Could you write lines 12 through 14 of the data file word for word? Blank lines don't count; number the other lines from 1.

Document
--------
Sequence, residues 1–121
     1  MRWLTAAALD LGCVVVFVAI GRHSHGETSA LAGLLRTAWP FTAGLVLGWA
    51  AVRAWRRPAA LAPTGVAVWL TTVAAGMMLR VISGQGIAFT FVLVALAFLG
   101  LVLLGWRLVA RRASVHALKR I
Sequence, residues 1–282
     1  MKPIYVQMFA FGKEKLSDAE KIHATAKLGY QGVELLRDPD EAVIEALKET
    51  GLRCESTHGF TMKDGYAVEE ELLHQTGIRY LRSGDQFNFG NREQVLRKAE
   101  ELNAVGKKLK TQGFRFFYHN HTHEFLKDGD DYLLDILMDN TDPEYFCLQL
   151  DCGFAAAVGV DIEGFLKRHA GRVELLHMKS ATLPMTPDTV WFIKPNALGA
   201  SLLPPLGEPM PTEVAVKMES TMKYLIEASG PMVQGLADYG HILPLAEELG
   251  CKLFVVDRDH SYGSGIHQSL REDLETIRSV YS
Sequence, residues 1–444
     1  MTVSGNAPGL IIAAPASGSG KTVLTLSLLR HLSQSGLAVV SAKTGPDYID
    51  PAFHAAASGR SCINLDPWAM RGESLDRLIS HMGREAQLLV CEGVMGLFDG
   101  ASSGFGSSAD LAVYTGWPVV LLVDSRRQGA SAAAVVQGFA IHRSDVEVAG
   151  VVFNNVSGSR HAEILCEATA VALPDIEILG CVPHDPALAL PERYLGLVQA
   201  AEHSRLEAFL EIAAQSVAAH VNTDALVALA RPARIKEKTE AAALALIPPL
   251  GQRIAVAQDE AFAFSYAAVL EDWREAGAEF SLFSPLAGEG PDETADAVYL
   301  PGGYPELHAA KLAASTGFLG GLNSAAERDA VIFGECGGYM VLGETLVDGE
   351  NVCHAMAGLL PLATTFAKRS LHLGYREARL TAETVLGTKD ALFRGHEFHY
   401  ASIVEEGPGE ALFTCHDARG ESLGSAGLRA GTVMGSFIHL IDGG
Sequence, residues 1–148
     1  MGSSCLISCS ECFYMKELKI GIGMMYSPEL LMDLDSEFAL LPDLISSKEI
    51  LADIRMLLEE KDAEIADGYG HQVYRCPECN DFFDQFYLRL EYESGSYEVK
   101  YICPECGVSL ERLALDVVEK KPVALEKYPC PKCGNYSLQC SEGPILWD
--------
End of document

Sequence, residues 1–444
     1  MTVSGNAPGL IIAAPASGSG KTVLTLSLLR HLSQSGLAVV SAKTGPDYID
    51  PAFHAAASGR SCINLDPWAM RGESLDRLIS HMGREAQLLV CEGVMGLFDG